Taking fire from all sides for their lack of progress in preventing gratuitous violence in the National Hockey League, and stung by a recent mini-revolt among advertisers, fans and owners, league executives last week nonetheless did what officials often do when they don't really want to do much at all. They declared that they had formed a committee to study the matter.
The "matter" which they were supposed to be addressing is the NHL's increasingly unjustifiable refusal to aggressively police on-ice play to reduce the frequency of "head shot" hits that have left too many of its players with severe, life-altering injuries. The problem has been the subject of intense public debate all season as one star player after another has been dispatched to the hospital. In February, Hall of Famer Mario Lemieux, one of the best and most famous players ever to put on a jersey, and now an owner of the Pittsburgh Penguins, got so fed up with the NHL's lack of ardor in punishing transgressors that he publicly called out the league's "failure."
Things have only gotten measurably worse since then. The hit that broke the camel's back for me broke the neck of Montreal Canadiens forward Max Pacioretty in a game earlier this month against the Boston Bruins. Zdeno Chara, a hulking Bruins defensemen, rammed Pacioretty's head into a stanchion on the sideboards with terrible (and unnecessary) force. Pacioretty was knocked unconscious and suffered a severe concussion and broken (but non-displaced) fracture of one of his vertebrae. Chara was immediately kicked out of the game but was not subsequently suspended or fined for his conduct. NHL officials later described it as a "hockey play" and said they didn't want to alter the fast-paced, edgy nature of hockey.
An outcry ensued. Major sponsors like Air Canada and Via Rail (both Quebec-based, it's worth noting) threatened to pull their sponsorship of the NHL if the league didn't do more to protect against such recklessness. NHL Commissioner Gary Bettman bluntly responded by telling Air Canada, in not so many words, that it needed the NHL more than the NHL needed it. Montreal police opened an investigation into the Chara hit. Politicians of all stripes weighed in-- as did millions of hockey fans around the world. I wrote about the Chara hit, and the furious reaction to it, earlier this month here at TheAtlantic.com. Here's what has happened since.
The NHL doesn't call it a "committee," of course; that would be too much of an explicit admission of its failure to act boldly and decisively following the Chara hit. Instead, concerned hockey fans (and advertisers) now have before them what's being called a "blue-ribbon" panel composed of four former NHL stars. The men will now meet to discuss "player-safety" issues before reporting their conclusions to a larger group. Get the idea? At this rate, the Toronto Maple Leafs might win another Stanley Cup before effective rules reform comes to the NHL.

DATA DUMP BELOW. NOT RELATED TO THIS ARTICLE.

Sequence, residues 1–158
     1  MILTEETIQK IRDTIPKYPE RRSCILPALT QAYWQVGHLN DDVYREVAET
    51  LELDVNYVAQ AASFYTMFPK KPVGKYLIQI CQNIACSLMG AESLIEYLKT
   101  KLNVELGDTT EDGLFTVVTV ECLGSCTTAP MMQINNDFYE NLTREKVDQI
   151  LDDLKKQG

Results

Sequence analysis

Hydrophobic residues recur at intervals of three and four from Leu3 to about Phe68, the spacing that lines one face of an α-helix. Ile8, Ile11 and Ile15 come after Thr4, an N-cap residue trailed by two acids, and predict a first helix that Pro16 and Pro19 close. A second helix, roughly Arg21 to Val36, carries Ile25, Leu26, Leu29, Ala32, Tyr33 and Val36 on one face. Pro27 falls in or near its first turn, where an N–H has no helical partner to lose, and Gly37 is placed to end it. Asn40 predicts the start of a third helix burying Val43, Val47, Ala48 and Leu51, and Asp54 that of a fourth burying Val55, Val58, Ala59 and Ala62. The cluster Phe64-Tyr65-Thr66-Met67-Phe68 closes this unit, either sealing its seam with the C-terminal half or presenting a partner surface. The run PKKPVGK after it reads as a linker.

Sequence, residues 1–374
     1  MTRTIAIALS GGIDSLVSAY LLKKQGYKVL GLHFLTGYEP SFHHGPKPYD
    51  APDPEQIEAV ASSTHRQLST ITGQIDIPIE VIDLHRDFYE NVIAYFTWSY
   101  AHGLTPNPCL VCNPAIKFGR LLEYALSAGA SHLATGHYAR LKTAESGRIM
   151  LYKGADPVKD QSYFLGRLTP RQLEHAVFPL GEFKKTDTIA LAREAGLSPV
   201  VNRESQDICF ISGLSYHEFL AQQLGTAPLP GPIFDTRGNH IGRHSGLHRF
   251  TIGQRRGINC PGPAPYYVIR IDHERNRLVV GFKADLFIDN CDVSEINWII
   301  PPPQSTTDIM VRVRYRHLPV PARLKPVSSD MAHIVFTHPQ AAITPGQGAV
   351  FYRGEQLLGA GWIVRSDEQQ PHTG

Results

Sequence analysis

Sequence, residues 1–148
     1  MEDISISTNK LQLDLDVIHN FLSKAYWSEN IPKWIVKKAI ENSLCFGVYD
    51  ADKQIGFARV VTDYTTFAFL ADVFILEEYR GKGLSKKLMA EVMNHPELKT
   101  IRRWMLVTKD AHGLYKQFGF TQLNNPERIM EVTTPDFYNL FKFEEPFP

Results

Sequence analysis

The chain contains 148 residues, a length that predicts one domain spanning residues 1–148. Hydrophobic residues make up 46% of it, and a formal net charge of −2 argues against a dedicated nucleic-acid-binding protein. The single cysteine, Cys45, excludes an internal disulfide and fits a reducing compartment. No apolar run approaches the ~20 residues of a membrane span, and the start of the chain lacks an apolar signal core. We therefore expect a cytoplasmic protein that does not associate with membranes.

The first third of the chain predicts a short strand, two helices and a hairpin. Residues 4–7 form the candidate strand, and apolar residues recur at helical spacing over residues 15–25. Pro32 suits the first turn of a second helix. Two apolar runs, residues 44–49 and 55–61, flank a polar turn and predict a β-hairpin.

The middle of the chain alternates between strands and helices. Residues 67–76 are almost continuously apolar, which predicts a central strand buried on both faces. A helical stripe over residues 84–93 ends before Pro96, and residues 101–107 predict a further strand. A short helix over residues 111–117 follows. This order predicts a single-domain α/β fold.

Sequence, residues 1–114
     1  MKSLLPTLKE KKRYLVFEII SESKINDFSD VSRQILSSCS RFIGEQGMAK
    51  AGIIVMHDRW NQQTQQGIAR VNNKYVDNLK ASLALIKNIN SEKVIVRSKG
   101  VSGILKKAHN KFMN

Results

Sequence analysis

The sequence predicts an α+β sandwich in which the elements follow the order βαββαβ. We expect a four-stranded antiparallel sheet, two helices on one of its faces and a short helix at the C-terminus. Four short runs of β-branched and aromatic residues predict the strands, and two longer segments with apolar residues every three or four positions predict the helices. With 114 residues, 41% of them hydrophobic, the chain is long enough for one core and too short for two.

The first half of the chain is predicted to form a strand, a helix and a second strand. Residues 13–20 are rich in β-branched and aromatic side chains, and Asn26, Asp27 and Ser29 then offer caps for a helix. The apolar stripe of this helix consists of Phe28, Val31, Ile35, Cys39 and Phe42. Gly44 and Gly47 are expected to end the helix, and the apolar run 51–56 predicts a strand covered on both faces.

The panel was one of five half-hearted new measures offered last Monday by league officials to address the problem of head shots. The NHL also announced a more aggressive protocol for dealing with suspected concussions. It said said it would look more closely at equipment and existing rink safety (the Canadiens reinforced the padding on the stanchion at the Bell Center that Pacioretty hit). And the NHL pledged to consider making punishments more significant for "repeat offenders." What do all of these "reforms" have in common? None directly eliminate the problem they are purportedly designed to fix. Better diagnoses rules for concussions are great. But they don't do anything to prevent the concussion in the first place, right?
That was on Monday. Last Tuesday, the NHL's general managers, the guys who run the teams, outright rejected the chance to outlaw head shots from the league. Even though such a ban is the most obvious place to start in cleaning up the game, these hockey insiders weren't interested. "It would take a lot of hitting out of the game, a lot of the physical part of the game that makes our game so appealing," Ottawa GM Bryan Murray told the Washington Post, perhaps unaware of the irony of his words. The coach of the Washington Capitals, meanwhile, was even more flip in blowing off fans' concerns. "If you don't like it, don't come to the games," Bruce Boudreau said.
The joke may be on Boudreau and his fellow ostriches. A national poll last week in Canada revealed that no fewer than 80 percent of Canadians want head-shots banned from the league. The same poll indicated that 25 percent of NHL fans say they will watch less hockey on television because of the league's failure to better protect against thuggery. Even if half of those respondents were lying to their pollster, it's a big number for a league already suffering from poor attendance and small U.S. television ratings. The NHL (and Bettman in particular) simply cannot afford to lose Canada's confidence in the stewardship of its beloved national sport.
In the real world of business, the customer is always right. In the NHL, the customer just doesn't understand. In the real world, an industry might go overboard to please its clients when faced with such a tangible threat to its popularity. In the NHL, the documented wishes of devoted fans are discounted by league executives who believe they know better and who say they want to preserve what they consider to be the purity of the sport. At this rate, the NHL may end up being the purest professional leagues ever to be marginalized or put out of business altogether by unsatisfied customers.